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Python: async LRU caching

28 December 2019

Caching synchronous Python functions is easy – just use functools.lru_cache:

from functools import lru_cache

def slow_function(*args):
    ...  # do something expensive and return result

The lru_cache decorator caches the results of slow_function so you can avoid unnecessary function calls. This is great for expensive or heavily recursive functions. When the cache reaches max size, the Least Recently Used entry will be discarded (this is what is meant by “LRU cache”). This size limit can be disabled by passing maxsize=None, at which point lru_cache becomes a memoizer.

This is really useful. It’s a great example of how Python comes “batteries included”. So I was surprised when I recently found myself wanting to set up an LRU cache for an async function and realized there is no obvious way to do this.

The stdlib docs don’t mention this case. I didn’t see aything about it on Stack Overflow. I did find a third-party library: it’s called async_lru and it offers a decorator for async functions that behaves similarly to lru_cache.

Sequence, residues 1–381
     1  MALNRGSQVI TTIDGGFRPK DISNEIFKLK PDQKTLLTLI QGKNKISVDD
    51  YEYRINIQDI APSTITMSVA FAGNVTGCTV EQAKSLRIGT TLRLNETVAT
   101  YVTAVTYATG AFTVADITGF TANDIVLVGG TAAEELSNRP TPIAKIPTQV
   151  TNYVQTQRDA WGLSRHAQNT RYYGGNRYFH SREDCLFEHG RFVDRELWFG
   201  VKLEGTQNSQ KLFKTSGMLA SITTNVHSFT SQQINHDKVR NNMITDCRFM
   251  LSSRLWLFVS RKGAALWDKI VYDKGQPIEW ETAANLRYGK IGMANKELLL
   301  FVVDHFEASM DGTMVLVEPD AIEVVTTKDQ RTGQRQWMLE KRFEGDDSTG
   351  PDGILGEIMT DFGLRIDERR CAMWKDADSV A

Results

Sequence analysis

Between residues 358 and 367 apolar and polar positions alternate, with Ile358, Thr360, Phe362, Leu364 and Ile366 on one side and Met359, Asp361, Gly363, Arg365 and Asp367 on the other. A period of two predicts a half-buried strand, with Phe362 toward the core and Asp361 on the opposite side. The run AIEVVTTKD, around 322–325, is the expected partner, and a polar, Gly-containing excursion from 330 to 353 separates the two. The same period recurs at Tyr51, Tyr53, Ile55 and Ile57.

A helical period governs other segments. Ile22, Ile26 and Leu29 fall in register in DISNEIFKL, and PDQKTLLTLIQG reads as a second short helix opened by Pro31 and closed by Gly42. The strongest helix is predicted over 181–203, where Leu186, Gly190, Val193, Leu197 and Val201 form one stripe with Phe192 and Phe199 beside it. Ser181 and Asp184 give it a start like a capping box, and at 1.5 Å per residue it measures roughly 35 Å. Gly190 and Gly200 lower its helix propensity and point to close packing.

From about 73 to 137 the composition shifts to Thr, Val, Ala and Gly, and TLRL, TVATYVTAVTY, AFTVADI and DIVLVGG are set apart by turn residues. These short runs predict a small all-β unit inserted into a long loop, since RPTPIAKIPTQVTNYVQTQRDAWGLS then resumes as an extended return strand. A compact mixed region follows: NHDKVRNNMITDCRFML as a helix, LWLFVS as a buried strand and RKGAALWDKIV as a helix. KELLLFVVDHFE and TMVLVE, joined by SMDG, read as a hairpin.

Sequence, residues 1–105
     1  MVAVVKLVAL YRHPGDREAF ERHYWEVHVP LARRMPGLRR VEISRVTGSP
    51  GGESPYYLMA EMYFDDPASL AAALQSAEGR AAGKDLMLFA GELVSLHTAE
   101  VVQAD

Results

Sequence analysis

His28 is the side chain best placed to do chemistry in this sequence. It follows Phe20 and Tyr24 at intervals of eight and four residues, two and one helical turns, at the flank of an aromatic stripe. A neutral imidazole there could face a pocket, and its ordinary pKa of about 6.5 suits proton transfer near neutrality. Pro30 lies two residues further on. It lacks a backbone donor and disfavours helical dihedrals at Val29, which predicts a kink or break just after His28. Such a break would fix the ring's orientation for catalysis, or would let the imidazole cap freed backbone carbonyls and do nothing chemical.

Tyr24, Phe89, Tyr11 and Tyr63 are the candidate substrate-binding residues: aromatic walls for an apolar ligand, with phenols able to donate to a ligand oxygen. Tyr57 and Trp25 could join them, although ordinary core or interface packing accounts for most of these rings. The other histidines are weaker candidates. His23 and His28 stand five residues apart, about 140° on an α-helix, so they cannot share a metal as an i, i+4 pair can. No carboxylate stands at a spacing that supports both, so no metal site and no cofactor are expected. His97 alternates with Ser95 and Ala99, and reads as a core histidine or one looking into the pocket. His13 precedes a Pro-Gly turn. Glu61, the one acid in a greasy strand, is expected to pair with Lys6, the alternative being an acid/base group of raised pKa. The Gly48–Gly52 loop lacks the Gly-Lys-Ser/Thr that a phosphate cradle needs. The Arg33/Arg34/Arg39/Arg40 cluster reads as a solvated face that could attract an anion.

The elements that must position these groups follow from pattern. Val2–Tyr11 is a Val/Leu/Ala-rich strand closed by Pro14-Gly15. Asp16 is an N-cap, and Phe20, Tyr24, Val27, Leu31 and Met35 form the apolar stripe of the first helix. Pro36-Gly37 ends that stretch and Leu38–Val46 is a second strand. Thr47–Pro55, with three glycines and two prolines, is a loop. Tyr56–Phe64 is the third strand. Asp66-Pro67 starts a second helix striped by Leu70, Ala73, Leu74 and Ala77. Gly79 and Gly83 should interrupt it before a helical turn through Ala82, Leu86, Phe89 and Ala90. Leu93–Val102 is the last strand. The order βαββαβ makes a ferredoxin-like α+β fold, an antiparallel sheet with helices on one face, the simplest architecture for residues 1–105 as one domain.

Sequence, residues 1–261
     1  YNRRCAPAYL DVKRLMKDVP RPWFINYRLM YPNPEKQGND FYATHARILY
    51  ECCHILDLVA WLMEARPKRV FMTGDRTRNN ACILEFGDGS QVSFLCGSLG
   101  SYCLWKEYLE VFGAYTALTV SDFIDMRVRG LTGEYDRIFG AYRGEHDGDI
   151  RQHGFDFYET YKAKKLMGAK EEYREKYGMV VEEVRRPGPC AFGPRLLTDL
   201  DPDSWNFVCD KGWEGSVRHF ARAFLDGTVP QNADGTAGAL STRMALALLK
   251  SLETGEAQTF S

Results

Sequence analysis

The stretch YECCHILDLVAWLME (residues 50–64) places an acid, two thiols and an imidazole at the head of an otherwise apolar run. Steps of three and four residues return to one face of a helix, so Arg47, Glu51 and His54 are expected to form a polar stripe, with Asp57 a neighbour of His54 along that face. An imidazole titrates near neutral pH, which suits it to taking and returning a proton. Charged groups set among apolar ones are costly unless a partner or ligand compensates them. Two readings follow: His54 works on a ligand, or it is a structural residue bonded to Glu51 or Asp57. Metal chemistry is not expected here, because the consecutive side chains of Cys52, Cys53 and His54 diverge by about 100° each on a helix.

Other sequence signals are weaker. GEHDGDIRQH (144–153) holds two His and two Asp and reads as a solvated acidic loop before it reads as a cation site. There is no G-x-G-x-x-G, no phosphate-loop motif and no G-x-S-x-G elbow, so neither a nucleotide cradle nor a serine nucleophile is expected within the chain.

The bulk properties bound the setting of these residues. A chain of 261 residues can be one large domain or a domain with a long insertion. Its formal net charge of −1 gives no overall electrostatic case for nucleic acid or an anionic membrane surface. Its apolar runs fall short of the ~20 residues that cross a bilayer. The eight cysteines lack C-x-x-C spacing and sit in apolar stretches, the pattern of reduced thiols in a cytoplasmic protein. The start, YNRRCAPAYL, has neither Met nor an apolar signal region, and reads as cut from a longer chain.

That library’s author has basically just gone and reimplemented the stdlib decorator from scratch and thrown in a bunch of async defs. The implementation is a few hundred lines long and seems – I don’t know – fine, I guess, but I like to minimize third-party dependencies in my projects, especially for things which seem this simple. It seems like we should be able to do this without reimplementing logic that already exists in stdlib.

And so, after a bit of hacking I found a way to adapt stdlib’s lru_cache to the async case. I’ve included both specific and general examples below.

The gist is this: the logic we want to offload involves maintaining a cache. When we query the cache, we have two cases: cache hit or cache miss. In the case of a cache hit, we can return the cached result; in the case of a cache miss, we have to do async work. We thus need our async function to be able to distinguish between hits and misses. Unfortunately, we have no way of introspecting into the decorator’s internal state.

In fact, things get even trickier, because introducing async workers adds a third case: not only could the result of our computation be absent or present (cache hit or cache miss), it could also be in progress. We want to be able to detect this case as well and avoid restarting any work we have already begun.